Should You Be Excited About Skechers U.S.A., Inc.’s (NYSE:SKX) 17% Return On Equity?

One of the best investments we can make is in our own knowledge and skill set. With that in mind, this article will work through how we can use Return On Equity (ROE) to better understand a business. By way of learning-by-doing, we’ll look at ROE to gain a better understanding of Skechers U.S.A., Inc. (NYSE:SKX).

Our data shows Skechers U.S.A has a return on equity of 17% for the last year. That means that for every $1 worth of shareholders’ equity, it generated $0.17 in profit.

See our latest analysis for Skechers U.S.A

How Do You Calculate Return On Equity?

The formula for ROE is:

Return on Equity = Net Profit (from continuing operations) ÷ Shareholders’ Equity

Or for Skechers U.S.A:

17% = US$427m ÷ US$2.5b (Based on the trailing twelve months to December 2019.)

Most readers would understand what net profit is, but it’s worth explaining the concept of shareholders’ equity. It is all earnings retained by the company, plus any capital paid in by shareholders. The easiest way to calculate shareholders’ equity is to subtract the company’s total liabilities from the total assets.

What Does ROE Mean?

ROE looks at the amount a company earns relative to the money it has kept within the business. The ‘return’ is the yearly profit. The higher the ROE, the more profit the company is making. So, all else equal, investors should like a high ROE. Clearly, then, one can use ROE to compare different companies.

Does Skechers U.S.A Have A Good Return On Equity?

Arguably the easiest way to assess company’s ROE is to compare it with the average in its industry. The limitation of this approach is that some companies are quite different from others, even within the same industry classification. As is clear from the image below, Skechers U.S.A has a better ROE than the average (11%) in the Luxury industry.

NYSE:SKX Past Revenue and Net Income, February 20th 2020
NYSE:SKX Past Revenue and Net Income, February 20th 2020

That’s clearly a positive. I usually take a closer look when a company has a better ROE than industry peers. One data point to check is if insiders have bought shares recently.

How Does Debt Impact ROE?

Most companies need money — from somewhere — to grow their profits. That cash can come from issuing shares, retained earnings, or debt. In the first and second cases, the ROE will reflect this use of cash for investment in the business. In the latter case, the debt required for growth will boost returns, but will not impact the shareholders’ equity. Thus the use of debt can improve ROE, albeit along with extra risk in the case of stormy weather, metaphorically speaking.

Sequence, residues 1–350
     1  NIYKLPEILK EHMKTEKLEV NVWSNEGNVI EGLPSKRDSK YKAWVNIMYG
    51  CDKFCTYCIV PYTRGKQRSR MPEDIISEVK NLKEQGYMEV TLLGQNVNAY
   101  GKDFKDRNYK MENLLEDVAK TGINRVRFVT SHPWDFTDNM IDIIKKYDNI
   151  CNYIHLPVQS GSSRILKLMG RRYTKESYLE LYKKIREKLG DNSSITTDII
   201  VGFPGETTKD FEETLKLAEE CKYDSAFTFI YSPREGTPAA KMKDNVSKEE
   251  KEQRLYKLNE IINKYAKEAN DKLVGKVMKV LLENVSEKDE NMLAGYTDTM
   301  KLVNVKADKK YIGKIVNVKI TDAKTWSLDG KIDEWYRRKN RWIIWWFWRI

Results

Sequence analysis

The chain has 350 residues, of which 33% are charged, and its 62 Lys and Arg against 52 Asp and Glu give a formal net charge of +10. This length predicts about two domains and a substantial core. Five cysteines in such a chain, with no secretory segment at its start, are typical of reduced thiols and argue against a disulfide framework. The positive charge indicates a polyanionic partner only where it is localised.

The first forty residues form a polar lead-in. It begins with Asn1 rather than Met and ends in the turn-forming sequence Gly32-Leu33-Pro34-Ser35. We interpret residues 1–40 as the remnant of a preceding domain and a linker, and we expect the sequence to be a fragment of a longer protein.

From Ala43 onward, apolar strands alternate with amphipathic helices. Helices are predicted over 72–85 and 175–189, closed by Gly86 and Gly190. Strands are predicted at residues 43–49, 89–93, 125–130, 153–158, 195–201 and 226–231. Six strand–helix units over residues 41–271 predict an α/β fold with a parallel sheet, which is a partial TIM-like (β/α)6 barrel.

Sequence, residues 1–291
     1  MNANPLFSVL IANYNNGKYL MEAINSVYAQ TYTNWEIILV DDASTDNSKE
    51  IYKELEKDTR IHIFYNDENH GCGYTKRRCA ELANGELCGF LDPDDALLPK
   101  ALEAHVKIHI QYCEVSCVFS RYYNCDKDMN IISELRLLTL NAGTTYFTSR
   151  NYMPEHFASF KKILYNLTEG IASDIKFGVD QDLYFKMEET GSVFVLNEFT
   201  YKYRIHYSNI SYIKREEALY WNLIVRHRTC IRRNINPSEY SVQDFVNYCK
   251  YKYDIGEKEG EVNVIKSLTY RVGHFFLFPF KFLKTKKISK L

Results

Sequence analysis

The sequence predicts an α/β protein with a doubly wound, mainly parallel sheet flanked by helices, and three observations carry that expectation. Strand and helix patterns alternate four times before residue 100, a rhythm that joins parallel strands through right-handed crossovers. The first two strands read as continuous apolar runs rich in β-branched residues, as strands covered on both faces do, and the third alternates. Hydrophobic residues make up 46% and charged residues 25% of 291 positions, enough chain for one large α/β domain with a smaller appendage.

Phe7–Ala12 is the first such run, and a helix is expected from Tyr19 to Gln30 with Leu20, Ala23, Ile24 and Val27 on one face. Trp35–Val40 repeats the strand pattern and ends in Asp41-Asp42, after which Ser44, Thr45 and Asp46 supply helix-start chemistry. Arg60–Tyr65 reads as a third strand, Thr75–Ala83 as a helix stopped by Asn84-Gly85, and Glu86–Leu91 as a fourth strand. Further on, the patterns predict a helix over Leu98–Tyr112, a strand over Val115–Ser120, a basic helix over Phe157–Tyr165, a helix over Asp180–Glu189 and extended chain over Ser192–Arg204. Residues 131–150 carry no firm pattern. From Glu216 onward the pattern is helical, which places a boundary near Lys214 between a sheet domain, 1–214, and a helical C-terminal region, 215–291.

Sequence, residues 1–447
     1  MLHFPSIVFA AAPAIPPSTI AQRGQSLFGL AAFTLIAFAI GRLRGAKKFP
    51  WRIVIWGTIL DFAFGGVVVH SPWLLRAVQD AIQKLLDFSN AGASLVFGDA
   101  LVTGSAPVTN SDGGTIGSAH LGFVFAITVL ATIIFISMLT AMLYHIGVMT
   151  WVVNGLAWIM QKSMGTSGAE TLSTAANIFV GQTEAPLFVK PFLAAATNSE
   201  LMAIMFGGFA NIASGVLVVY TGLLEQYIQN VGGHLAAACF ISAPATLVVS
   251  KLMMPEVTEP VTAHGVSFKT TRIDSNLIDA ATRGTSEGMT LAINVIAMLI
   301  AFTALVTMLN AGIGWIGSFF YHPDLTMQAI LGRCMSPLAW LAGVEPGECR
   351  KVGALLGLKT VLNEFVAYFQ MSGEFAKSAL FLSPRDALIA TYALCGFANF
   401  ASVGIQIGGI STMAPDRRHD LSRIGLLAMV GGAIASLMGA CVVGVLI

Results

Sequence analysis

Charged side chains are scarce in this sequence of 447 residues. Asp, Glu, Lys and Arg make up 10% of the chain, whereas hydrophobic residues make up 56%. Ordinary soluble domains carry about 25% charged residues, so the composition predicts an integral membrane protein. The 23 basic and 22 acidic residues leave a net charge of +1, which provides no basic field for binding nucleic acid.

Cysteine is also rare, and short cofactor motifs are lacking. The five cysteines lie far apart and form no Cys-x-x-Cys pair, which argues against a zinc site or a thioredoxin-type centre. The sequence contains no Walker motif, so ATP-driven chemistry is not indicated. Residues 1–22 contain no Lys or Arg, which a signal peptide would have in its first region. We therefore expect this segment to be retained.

Skechers U.S.A’s Debt And Its 17% ROE

Although Skechers U.S.A does use a little debt, its debt to equity ratio of just 0.048 is very low. The fact that it achieved a fairly good ROE with only modest debt suggests the business might be worth putting on your watchlist. Careful use of debt to boost returns is often very good for shareholders. However, it could reduce the company’s ability to take advantage of future opportunities.

But It’s Just One Metric

Return on equity is useful for comparing the quality of different businesses. Companies that can achieve high returns on equity without too much debt are generally of good quality. If two companies have the same ROE, then I would generally prefer the one with less debt.

Having said that, while ROE is a useful indicator of business quality, you’ll have to look at a whole range of factors to determine the right price to buy a stock. The rate at which profits are likely to grow, relative to the expectations of profit growth reflected in the current price, must be considered, too. So I think it may be worth checking this free report on analyst forecasts for the company.

Of course Skechers U.S.A may not be the best stock to buy. So you may wish to see this free collection of other companies that have high ROE and low debt.

If you spot an error that warrants correction, please contact the editor at editorial-team@simplywallst.com. This article by Simply Wall St is general in nature. It does not constitute a recommendation to buy or sell any stock, and does not take account of your objectives, or your financial situation. Simply Wall St has no position in the stocks mentioned.

We aim to bring you long-term focused research analysis driven by fundamental data. Note that our analysis may not factor in the latest price-sensitive company announcements or qualitative material. Thank you for reading.